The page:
As I sit here looking out the window at the pines, spruces and evergreens I think of all the years we spent the holidays up in the country in the Laurentian Mountains around Lac Paquin with family and friends. The whole family would go up the moment school was out, sometimes aunts, uncles, cousins and friends would join us and we'd head up North, station wagon filled to brimming with enough food to feed an army and needlework to keep us busy when we weren't outside skiing, on a toboggan or, my absolute favourite, the flying saucer!
We didn't rely on TV, though we had one, an old black and white, and video games and computers weren't around then. We'd be outside most of the day to come in to a roaring fire and hot drink. My treasured pump organ was next to the fire and I'd have fun trying to churn out a song or two. There was always a jigsaw puzzle going on the dining room table....thousands of tiny pieces waiting to be arranged in their unique spots. We had a system. The puzzle was always there for anyone to walk by and look for that one missing edge or piece of a boat or tree and as dinner time approached my mother and I would carefully lay the tablecloth over the puzzle. As soon as the dishes were cleared, washed and put away, we'd gently lift the cloth, always amazed that the pieces were in the exact position as before. We'd do needlework, talk, play board games, do paint by number (d'you remember those kits?) and never heard the words "I'm bored". And books...there were a ton of books everywhere. And when one of us finished the next one would pick it up. The fire was always going and there was always someone in the kitchen making coffee or baking or getting a snack. It was unorchestrated peaceful chaos when all of us were there.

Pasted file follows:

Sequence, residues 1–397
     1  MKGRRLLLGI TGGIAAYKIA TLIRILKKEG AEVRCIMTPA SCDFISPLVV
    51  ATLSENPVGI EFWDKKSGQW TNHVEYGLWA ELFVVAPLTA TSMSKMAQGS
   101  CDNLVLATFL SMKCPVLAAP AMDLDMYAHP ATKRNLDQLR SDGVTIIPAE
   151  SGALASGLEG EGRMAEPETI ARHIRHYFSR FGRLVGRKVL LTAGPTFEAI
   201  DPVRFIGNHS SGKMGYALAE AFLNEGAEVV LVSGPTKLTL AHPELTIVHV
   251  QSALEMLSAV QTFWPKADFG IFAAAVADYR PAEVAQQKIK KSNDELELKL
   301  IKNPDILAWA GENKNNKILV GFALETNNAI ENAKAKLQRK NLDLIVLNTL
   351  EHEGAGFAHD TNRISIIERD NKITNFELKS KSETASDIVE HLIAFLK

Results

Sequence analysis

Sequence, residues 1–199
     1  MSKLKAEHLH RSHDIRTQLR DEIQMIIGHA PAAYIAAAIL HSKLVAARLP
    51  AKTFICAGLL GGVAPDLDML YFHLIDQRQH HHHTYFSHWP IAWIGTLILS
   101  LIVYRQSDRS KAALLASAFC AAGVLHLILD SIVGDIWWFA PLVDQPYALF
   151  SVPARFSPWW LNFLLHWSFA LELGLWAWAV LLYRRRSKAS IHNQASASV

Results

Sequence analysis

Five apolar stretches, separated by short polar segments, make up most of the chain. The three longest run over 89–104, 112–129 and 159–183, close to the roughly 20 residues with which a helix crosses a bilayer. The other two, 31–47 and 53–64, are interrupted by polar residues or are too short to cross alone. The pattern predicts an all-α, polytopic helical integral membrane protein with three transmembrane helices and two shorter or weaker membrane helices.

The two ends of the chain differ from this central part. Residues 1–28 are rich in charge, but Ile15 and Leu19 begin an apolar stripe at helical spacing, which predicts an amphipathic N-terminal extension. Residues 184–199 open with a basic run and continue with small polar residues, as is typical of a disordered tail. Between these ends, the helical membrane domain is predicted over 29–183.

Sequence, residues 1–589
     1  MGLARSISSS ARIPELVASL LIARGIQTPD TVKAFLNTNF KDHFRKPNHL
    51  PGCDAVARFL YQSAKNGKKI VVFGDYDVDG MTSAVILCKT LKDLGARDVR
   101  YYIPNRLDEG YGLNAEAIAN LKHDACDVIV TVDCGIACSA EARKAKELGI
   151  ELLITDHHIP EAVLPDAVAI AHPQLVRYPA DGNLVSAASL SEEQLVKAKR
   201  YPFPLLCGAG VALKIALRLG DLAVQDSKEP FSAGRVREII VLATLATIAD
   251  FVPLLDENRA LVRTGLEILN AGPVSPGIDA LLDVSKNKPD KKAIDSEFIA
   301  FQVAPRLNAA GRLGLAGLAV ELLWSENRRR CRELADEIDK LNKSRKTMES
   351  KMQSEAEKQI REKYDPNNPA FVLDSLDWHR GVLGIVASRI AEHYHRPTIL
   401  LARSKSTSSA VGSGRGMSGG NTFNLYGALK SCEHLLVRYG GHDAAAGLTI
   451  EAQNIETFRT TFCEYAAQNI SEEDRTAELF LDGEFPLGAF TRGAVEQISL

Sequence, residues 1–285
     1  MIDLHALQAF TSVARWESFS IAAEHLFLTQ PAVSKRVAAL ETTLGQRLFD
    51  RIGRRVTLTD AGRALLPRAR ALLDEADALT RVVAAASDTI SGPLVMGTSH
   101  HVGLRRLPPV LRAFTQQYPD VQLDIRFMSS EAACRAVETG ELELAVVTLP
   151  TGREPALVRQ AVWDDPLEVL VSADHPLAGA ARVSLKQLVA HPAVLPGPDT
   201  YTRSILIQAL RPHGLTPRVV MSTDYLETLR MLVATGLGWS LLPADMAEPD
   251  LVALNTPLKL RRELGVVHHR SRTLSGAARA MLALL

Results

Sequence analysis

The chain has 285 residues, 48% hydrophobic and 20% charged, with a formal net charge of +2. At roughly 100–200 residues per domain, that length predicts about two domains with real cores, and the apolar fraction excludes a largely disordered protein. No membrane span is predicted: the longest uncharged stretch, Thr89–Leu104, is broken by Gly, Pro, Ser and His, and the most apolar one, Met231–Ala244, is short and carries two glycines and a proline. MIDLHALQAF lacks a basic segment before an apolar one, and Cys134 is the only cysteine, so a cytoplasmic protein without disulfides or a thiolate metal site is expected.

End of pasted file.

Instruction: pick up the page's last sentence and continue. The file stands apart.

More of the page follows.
Long walks in the woods to the country store for milk to that extra few feet around the bend so we could see if the small waterfall in the creek had frozen over yet...wandering down to the lake to skate when it was cold enough and some of the snow had been cleared. We never had trouble sleeping, though my father, a firm believer of fresh air, would open the windows in our bedrooms at night. We slept like logs in the country air, but try getting us out to step onto the cold floor in the morning.
We all screamed at him. He kept doing it.
Mom would send Dad to town to the bakery to pick up TWO BREADS. He got the bread. Sometimes. Sometimes he forgot because he was so busy buying everything else in the place from mini hors d'oeuvres to cold cuts, coffee cakes and everything else he couldn't pass up because it looked so good, a couple of times he had to go back for the bread! The owners of the bakery must have made their monthly sales quota each time he walked into their store. And the freezer downstairs kept filling and filling....
The best times was when it was just us and we could gather around the black and white TV watching the Wild Wild West or the original Mission Impossible or one of my all time favourite movies, Harvey with James Stewart. Those were incredible times....which flew by much too quickly.
But some of the traditions live on. The kitchen last night was hopping as my son, his friend and I cooked up a storm, there will be many a fire lit in the fireplace over the holidays, a quilt in the works is close by so I can pick it up and sew a few more stitches and music is always going. And maybe if I'm lucky, Harvey the six foot three and a half inch rabbit will make an appearance at some point on the TV while I sit by the fire remembering such wonderful times. And as old traditions come to mind, the newer ones, also special take hold....like being with our Ottawa family tonight for Xmas dinner, most of us with kids who have come home for a bit so we can share all that's happened over the year.
All the best...